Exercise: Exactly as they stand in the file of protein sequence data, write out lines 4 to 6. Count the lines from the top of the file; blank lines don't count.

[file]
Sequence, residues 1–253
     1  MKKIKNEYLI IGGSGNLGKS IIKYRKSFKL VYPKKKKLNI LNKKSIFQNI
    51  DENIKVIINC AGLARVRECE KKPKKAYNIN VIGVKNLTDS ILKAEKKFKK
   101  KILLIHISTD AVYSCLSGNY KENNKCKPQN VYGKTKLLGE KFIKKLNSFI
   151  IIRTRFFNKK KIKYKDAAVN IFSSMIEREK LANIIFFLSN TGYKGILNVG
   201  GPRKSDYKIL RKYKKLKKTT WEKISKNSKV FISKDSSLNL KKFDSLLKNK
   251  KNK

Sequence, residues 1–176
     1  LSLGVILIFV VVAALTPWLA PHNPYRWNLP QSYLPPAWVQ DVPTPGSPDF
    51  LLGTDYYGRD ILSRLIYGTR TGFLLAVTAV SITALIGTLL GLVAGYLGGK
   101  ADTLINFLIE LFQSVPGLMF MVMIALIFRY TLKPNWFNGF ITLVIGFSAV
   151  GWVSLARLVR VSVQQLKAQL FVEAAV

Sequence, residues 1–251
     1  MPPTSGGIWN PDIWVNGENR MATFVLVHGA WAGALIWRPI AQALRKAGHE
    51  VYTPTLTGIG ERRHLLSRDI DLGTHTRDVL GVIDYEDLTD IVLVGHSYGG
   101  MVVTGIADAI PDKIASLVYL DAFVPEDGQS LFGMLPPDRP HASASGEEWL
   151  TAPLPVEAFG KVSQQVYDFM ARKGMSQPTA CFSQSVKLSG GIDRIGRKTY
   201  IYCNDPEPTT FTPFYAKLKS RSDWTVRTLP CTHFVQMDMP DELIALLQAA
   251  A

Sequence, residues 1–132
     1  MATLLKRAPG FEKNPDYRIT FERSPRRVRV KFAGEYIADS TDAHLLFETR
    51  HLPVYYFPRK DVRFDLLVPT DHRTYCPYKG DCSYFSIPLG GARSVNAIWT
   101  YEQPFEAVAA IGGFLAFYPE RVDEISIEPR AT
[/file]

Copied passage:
   101  KILLIHISTD AVYSCLSGNY KENNKCKPQN VYGKTKLLGE KFIKKLNSFI
   151  IIRTRFFNKK KIKYKDAAVN IFSSMIEREK LANIIFFLSN TGYKGILNVG
   201  GPRKSDYKIL RKYKKLKKTT WEKISKNSKV FISKDSSLNL KKFDSLLKNK